I was angry at my mom for not letting me fully choose my path and blamed her for why I couldn’t get it together was school but she was never my problem. My mother wanted the best for me but I messed up with school. I messed up to the point where I doubted myself with school. I was angry with people who were never available to go to the gym with me but never took the time to acknowledge that them not going was not an excuse for me to stop going. I was angry with the men in my life who had lied or cheated but I was the one who always looked the other way in forgiveness. I was so angry with every person who lectured me about my ability to parent my son but yet I was giving in just so people would leave me alone and then feeling uneasy because they weren’t fully my decisions. I resented friendships I had fostered because they broke my trust, even though there were signs of who they were early on in the friendship.

It was in this moment, on that late night, I let out all the issues I had self-created for myself. I want to make sure I clarify what I’m saying for full understanding. People always say do not blame yourself for others actions toward or against you. I am in no way excusing anyone’s actions that resulted in a piece of my confidence being stripped away or my trust being destroyed. What I am saying however, is that, “fool me once, shame on you, fool me twice, shame on me.” At some point, we have to mature and accept responsibility for our own choices and actions. I recently had a conversation with one of my closest friends about women that put time and energy into stalking men they don’t trust. There are two things wrong in this scenario. The first thing is if you knew deep down you would never truly be able to forgive or trust this individual and you stayed, then the insecurity you now feel became your choice. The second thing is, if your self-value is too low to the point where you don’t realize, that if this person is still out here doing wrong after you forgave them, they don’t deserve you, then you have again made a choice.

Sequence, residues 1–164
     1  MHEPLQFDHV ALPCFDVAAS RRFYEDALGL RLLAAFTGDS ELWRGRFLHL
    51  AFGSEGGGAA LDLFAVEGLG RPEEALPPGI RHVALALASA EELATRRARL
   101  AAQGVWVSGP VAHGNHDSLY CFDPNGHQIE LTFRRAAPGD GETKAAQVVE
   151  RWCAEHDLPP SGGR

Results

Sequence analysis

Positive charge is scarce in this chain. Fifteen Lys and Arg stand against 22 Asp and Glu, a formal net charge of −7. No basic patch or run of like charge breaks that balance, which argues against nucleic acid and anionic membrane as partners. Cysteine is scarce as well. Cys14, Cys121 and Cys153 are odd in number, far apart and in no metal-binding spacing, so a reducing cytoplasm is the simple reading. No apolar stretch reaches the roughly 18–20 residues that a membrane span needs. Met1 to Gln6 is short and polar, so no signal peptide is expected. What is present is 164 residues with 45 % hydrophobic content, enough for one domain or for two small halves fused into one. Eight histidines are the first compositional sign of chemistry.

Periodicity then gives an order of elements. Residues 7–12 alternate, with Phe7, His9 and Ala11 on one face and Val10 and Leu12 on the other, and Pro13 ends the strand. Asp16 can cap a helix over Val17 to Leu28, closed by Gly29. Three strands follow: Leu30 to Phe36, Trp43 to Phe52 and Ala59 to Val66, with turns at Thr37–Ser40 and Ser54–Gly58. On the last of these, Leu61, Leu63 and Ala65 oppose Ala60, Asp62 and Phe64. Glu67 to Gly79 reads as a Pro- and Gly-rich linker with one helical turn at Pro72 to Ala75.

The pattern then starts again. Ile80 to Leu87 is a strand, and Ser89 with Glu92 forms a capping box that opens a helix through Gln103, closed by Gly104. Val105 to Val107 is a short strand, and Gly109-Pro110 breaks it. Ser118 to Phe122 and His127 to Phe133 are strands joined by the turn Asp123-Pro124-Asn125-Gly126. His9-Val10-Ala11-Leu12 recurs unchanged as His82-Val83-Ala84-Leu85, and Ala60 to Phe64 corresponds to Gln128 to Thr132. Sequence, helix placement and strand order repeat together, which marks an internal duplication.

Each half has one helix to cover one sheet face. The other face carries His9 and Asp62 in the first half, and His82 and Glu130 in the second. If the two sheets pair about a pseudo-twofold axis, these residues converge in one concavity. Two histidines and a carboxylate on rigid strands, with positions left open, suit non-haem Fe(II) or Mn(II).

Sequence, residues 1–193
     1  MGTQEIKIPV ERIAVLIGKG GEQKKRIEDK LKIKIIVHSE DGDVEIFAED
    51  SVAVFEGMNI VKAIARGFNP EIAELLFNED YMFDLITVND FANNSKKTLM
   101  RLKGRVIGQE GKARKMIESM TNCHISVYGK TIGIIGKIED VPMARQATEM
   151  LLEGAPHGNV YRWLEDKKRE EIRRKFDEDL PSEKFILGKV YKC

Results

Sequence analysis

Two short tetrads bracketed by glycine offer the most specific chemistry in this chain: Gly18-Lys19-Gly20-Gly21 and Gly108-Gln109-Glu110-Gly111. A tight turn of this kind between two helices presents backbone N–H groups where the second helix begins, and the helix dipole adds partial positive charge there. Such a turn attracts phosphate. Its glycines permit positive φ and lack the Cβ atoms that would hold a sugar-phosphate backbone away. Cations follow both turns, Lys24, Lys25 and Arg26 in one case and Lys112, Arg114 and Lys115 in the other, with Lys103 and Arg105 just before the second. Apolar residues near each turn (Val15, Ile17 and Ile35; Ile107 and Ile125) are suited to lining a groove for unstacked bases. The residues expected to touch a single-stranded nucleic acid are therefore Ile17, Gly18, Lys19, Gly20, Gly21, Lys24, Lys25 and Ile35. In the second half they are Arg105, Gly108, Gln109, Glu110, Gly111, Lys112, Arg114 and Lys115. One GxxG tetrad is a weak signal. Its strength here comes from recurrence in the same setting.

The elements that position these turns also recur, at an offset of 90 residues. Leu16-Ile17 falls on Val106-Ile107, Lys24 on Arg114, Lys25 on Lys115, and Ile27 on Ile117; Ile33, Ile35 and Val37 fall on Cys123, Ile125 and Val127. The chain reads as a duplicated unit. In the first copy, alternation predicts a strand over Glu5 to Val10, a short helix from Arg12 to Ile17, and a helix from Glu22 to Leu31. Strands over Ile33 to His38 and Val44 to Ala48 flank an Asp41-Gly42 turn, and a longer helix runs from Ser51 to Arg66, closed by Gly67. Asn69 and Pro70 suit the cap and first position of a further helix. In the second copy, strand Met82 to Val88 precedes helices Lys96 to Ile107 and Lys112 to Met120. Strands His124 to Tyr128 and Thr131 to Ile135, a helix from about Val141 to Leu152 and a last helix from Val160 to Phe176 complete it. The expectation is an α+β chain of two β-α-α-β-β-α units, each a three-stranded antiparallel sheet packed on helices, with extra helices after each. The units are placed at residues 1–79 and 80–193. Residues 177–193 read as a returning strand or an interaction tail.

I struggled with this idea because I couldn’t fathom that some of my repeat insecurities were the results of me not knowing my own self-worth and making the choice to no longer accept the things that were eating away at my level of self-security. Today, I sit proudly as I type this post and say, that my canvas is still being painted, and this work of art is in no way complete, but is also no longer tarnished with insecurities regarding who I am, what I am becoming, and what I have achieved. My energy is no longer worth the entertaining things that don’t speak to my level of worth. My journey, whether good or bad, has shaped who I am. I have reached a place in my own self-healing where I can stare myself in the mirror and acknowledge my own choices and build from those mistakes instead of resenting them. If there are individuals in my life who still wish it upon me to not respect my worth, whether they be a friend, foe, partner, family member, etc., then they are just undeserving of my energy from this point on. I love who I am looking at in the mirror. I embrace every curve I have, every blemish, and every flaw. I know I am valuable and no longer will I make the choice to ignore that.